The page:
design and the remote server will then average the
evolution parameters (number of layers, nodes, and
the respective weights between them) found in all
evolved neural networks sent by the clients to gener-
ate a new global neural network. This new global neu-
ral network is again dispatched to all clients to repeat
the evolution process and evolve further. The infor-
mation reported to the remote server contains strictly
only machine learning parameters. No actual location
data is being transmitted into the server to maintain
Figure 3: Observing change of behaviors.
We conducted experiments by giving a real-world
dataset collected from regular smartphone users as in-
puts to our proposed method. This dataset reflects
their actual lifestyle.
4.1 Data Collection Method
Our dataset came from a collaborative project be-
tween our affiliated university and several commercial
companies which develop and distribute smartphone
applications in Japan. These applications are rela-
tively popular amongst smartphone users in Japan.
Users of the applications were presented with an op-
tion to participate in a university project that study
and analyze smartphone users’ lifestyle habit. A web-
site address to the detailed project description hosted
on the university website was also linked. By agree-
ing to participate in the project, users agree to share
data about their smartphone, application usage, and
their location data. Users were clearly informed that
their data would be limited to analysis by the univer-
sity laboratory and their privacy would be strictly pro-
tected. The project passed an extensive review by the
Table 1: An example of collected data from a user.
ID Date Time Latitude Longitude
1 2017XXXX 21 : XX 31.XXXXXX 139.XXXXXX
1 2017XXXX 21 : XX 31.XXXXXX 139.XXXXXX
1 2017XXXX 21 : XX 31.XXXXXX 139.XXXXXX
1 2017XXXX 21 : XX 31.XXXXXX 139.XXXXXX
1 2017XXXX 21 : XX 31.XXXXXX 139.XXXXXX
... ... ... ... ...
ICISSP 2021 - 7th International Conference on Information Systems Security and Privacy
Table 2: Summary of result for each experiment.
Number of random users Training time Authentication time FAR FRR
100 users 1 hour 0.8 seconds 0.94% 1.74%
100 users 2 hours 2.0 seconds 0.71% 1.21%
200 users 1 hour 0.8 seconds 0.98% 1.93%
200 users 2 hours 2.1 seconds 0.84% 1.62%
university’s ethical committee and deemed to be ap-
propriately implemented.
4.2 Dataset
The dataset used in this paper contains information
about GPS coordinates every 5 to 10 minutes gath-
ered from 7,236 smartphone users over a period from
February 2017 to April 2017. Table 1 illustrates the
contents of data of a user. Because this research is still
in its early phase, and we we would like to initially
validate our approach, we only used small subsets of
the whole data.
For our early experiments, we created two groups
of users. A group of 100 randomly selected users and
a group of 200 randomly selected users. We trained
our model by initially feeding the first week of loca-
tion history as training data and the system is tasked to
continuously authenticate users every 5 minutes dur-
ing the following week. We gradually increased the
size of training data by a week each time up until the
second to last week of the collected data.
4.3 Early Results and Discussions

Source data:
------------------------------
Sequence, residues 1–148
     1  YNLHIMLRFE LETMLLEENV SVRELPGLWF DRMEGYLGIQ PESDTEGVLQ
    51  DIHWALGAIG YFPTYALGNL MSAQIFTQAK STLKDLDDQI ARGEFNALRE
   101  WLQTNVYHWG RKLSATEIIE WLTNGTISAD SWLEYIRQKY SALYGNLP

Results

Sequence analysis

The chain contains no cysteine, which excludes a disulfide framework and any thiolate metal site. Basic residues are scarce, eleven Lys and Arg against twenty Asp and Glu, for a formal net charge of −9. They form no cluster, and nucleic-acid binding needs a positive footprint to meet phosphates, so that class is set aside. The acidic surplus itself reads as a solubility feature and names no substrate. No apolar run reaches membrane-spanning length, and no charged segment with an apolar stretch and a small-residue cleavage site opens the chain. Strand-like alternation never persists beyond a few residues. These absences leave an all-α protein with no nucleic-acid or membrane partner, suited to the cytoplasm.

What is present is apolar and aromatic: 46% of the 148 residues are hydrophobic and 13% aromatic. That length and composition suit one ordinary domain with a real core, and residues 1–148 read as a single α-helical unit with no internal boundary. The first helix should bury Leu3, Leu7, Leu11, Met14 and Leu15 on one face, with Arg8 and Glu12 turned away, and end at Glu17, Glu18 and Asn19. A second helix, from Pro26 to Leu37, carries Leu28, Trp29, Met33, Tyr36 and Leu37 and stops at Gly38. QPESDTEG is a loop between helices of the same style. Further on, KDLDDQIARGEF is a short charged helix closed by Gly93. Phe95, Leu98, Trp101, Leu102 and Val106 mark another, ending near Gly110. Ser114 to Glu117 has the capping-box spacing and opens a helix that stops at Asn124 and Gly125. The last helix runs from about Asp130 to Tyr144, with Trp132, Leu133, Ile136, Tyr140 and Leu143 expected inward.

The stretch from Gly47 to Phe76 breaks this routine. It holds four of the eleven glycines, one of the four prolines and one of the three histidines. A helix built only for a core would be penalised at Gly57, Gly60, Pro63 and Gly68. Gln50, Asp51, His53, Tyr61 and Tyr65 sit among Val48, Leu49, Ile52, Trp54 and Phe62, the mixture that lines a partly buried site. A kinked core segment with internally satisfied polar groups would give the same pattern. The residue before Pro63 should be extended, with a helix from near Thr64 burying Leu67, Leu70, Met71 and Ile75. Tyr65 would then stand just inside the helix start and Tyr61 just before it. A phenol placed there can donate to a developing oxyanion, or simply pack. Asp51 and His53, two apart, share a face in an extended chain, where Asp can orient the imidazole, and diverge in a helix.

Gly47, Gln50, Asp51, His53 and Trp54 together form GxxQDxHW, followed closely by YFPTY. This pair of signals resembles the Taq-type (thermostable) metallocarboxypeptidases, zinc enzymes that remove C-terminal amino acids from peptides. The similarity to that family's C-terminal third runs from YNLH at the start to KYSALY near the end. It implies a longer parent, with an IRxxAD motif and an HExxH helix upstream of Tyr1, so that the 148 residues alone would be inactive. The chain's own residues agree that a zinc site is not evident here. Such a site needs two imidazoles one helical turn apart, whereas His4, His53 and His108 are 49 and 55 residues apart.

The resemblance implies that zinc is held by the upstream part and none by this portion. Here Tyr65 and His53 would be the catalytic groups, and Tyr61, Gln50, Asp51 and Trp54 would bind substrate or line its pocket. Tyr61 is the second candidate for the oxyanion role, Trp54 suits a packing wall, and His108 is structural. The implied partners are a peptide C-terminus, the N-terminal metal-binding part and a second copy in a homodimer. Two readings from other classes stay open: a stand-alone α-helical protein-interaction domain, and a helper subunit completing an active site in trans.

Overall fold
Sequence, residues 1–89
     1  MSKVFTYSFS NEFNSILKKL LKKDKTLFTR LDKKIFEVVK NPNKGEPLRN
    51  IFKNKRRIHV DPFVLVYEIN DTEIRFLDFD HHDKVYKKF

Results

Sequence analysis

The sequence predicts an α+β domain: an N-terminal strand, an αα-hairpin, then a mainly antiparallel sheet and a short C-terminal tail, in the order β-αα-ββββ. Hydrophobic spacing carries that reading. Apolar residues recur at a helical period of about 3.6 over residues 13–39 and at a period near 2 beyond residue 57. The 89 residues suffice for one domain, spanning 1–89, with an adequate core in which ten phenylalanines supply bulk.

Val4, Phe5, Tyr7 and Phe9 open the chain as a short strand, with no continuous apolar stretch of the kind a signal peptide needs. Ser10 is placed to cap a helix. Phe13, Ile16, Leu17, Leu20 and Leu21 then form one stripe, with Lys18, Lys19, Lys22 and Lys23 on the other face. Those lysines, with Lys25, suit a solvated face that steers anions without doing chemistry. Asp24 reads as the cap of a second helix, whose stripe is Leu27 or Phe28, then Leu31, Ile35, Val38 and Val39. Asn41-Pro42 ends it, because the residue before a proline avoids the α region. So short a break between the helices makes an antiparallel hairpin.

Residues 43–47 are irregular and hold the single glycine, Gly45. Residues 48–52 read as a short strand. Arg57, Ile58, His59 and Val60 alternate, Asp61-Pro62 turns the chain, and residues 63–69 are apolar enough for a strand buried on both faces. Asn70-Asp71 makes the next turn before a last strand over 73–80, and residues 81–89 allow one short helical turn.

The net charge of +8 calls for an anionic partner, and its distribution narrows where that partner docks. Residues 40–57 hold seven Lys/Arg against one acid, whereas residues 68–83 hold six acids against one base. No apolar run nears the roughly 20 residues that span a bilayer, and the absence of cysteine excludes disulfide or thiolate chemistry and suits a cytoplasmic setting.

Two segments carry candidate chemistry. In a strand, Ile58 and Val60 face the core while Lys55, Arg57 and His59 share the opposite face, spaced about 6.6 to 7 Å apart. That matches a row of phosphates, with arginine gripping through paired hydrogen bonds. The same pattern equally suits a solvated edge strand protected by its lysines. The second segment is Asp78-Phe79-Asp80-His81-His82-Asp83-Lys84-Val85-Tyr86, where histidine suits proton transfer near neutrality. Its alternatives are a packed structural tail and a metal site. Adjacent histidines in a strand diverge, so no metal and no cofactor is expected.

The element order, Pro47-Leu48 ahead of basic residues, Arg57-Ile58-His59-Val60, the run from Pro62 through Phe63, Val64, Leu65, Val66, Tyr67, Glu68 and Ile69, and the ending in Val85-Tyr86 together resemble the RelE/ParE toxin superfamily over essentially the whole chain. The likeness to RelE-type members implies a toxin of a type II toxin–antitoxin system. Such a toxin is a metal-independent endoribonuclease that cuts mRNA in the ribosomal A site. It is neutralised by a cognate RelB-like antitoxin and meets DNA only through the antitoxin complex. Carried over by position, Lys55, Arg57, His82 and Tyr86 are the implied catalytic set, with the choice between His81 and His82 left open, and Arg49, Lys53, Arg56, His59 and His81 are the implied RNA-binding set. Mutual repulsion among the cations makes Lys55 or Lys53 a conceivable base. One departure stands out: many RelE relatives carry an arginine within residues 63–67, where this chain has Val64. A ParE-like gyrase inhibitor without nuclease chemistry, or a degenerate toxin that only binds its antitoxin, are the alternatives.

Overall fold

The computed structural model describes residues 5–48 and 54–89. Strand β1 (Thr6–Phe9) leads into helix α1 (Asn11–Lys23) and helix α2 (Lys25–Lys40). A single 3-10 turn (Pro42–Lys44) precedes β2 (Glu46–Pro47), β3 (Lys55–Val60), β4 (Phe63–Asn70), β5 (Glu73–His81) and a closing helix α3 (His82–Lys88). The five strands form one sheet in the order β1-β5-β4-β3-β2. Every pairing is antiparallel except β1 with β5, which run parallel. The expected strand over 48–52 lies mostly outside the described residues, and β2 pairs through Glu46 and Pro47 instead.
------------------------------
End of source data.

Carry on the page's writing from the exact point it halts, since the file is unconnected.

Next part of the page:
We run our experiments two times for each group. In
the first experiment, DNN was trained and evolved
by GA for one hour, while in the second experiment
DNN was trained and evolved by GA for two hours.
Our experiments showed that after two hours training
the model, GA evolved DNN into a size so large that
it requires 2 seconds or more to authenticate users on
average. Meanwhile, training our model for 1 hour,
produced a DNN that is still capable to authenticate
users within 1 second. Table 2 summarizes the aver-
age False Accept Rate (FAR) and False Reject Rate
(FRR) for each of our experiments.
As we can see from table 2, DNN models trained
and evolved for 2 hours produced better FAR and
FRR in both groups of users. They did, however, re-
quire a longer time to authenticate than the models
trained in shorter time. While in a traditional explicit
authentication methods, such as face recognition, au-
thentication time needs to be as short as possible, we
believe our behavioral authentication method does not
need to address this necessity as much. The reason
is because our authentication method is done implic-
itly in the background and does not need to interrupt
users’ activities. Users may not necessarily notice the
extra seconds taken to implicitly authenticate them.
These results demonstrate that DNNs evolved
through GA can successfully learn the behavioral pat-
terns contained within traces of location history of
smartphone users. Mobile devices can be confident
that their owners are no longer the ones who accom-
pany them when the DNN outputs a reject behavioral
authentication signal. In cases where false rejects do
happen, the owners can simply authenticate through
explicit authentication methods (such as passwords or
face recognition).
Our research is still in its early phase and initial re-
sults demonstrated that deep neuroevolution models
where DNNs are evolved by GA can be a good ap-
proach to implicitly authenticate users through their
behaviors. Although our results showed that this ap-
proach is still not accurate enough to fully replace
traditional explicit authentication methods, we be-
lieve it can be a suitable alternative for authenticating
additional behavioral factors after the initial unlock
through explicit authentications.
We also see a potential scenario for our approach
to be implemented for smoother mobile payments
through smartphones without requiring additional in-
teraction, (such as providing PIN codes) from users.
While ideally the learning process for this kind of
application should be done continuously on the mo-
bile device itself, it would rapidly drain the battery
power. As such, the learning process itself could be
limited during the time when the phone is connected
to a power outlet. We are currently investigating this
To also further validate our approach, we are plan-
ning to conduct more experiments using whole users’
information from the dataset. Parameter optimization
to achieve better FAR and FRR is also being planned.